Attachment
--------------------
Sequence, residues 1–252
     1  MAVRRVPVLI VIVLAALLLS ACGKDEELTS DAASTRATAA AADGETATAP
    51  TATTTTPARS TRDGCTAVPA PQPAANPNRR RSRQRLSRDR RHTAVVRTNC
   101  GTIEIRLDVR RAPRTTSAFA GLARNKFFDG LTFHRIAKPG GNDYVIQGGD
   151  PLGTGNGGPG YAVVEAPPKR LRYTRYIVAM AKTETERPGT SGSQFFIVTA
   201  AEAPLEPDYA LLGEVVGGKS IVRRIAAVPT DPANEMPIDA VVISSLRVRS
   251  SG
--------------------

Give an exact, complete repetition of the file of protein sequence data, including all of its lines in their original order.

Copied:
Sequence, residues 1–252
     1  MAVRRVPVLI VIVLAALLLS ACGKDEELTS DAASTRATAA AADGETATAP
    51  TATTTTPARS TRDGCTAVPA PQPAANPNRR RSRQRLSRDR RHTAVVRTNC
   101  GTIEIRLDVR RAPRTTSAFA GLARNKFFDG LTFHRIAKPG GNDYVIQGGD
   151  PLGTGNGGPG YAVVEAPPKR LRYTRYIVAM AKTETERPGT SGSQFFIVTA
   201  AEAPLEPDYA LLGEVVGGKS IVRRIAAVPT DPANEMPIDA VVISSLRVRS
   251  SG